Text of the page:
Garret BarnwellNick Wood (2022)
Climate justice is central to addressing the climate emergency’s psychological consequences in the Global South: a narrative review

First Published February 1, 2022 Research Article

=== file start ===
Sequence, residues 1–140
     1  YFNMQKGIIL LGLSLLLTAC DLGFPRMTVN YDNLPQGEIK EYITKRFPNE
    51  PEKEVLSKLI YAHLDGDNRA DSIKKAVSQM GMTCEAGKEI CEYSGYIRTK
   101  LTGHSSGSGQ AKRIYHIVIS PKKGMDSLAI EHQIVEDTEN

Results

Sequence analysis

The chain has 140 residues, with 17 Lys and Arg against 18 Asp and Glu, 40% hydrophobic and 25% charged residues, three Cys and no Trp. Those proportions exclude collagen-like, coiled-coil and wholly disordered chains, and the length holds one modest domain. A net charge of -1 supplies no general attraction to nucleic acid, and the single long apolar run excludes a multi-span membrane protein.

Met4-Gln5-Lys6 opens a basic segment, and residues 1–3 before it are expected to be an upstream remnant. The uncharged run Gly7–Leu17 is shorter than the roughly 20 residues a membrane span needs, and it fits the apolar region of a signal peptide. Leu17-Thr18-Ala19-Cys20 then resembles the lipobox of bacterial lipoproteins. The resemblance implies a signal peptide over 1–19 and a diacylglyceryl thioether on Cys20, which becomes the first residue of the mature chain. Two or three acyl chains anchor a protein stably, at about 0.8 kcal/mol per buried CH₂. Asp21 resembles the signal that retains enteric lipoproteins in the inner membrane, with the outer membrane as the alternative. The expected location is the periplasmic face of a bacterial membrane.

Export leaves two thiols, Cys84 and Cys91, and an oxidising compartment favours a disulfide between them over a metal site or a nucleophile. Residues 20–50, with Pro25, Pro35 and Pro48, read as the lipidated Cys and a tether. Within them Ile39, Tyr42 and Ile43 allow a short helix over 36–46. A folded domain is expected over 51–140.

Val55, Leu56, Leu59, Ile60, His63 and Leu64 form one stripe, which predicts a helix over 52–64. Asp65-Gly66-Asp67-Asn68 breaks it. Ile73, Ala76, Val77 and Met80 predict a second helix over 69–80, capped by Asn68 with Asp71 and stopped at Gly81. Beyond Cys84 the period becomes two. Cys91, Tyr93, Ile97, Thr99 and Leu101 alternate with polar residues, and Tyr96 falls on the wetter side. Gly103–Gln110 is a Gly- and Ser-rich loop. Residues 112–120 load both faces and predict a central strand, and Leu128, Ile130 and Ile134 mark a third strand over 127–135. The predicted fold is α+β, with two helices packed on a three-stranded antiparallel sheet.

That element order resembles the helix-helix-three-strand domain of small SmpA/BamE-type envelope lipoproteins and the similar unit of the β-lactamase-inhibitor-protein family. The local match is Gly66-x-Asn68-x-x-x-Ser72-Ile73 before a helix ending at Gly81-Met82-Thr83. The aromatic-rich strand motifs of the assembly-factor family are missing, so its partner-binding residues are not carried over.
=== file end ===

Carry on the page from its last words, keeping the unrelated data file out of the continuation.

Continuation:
The United Nations has signalled a ‘code red’, marking climate change as an existential threat for humanity. The world is rapidly warming, and the consequences of climate change include an increase and intensification in flooding, droughts, wildfires, and other traumatic exposures. Although countries in the Global South have contributed least to global warming, they are the most vulnerable owing to historical inequities. The concept of ‘climate justice’ recognises that historical racial discrimination, class disenfranchisement, political misrecognition, and other social injustices make surviving climate change and thriving within it more challenging. This narrative review considers the psychological consequences of the climate emergency through a climate justice lens. The article discusses the unequal exposures to psychological adversities, socio-historical barriers to adaptations and, finally, institutional betrayal that complicates the experience of psychological distress. The review concludes by pragmatically discussing how psychology could support climate justice ends.

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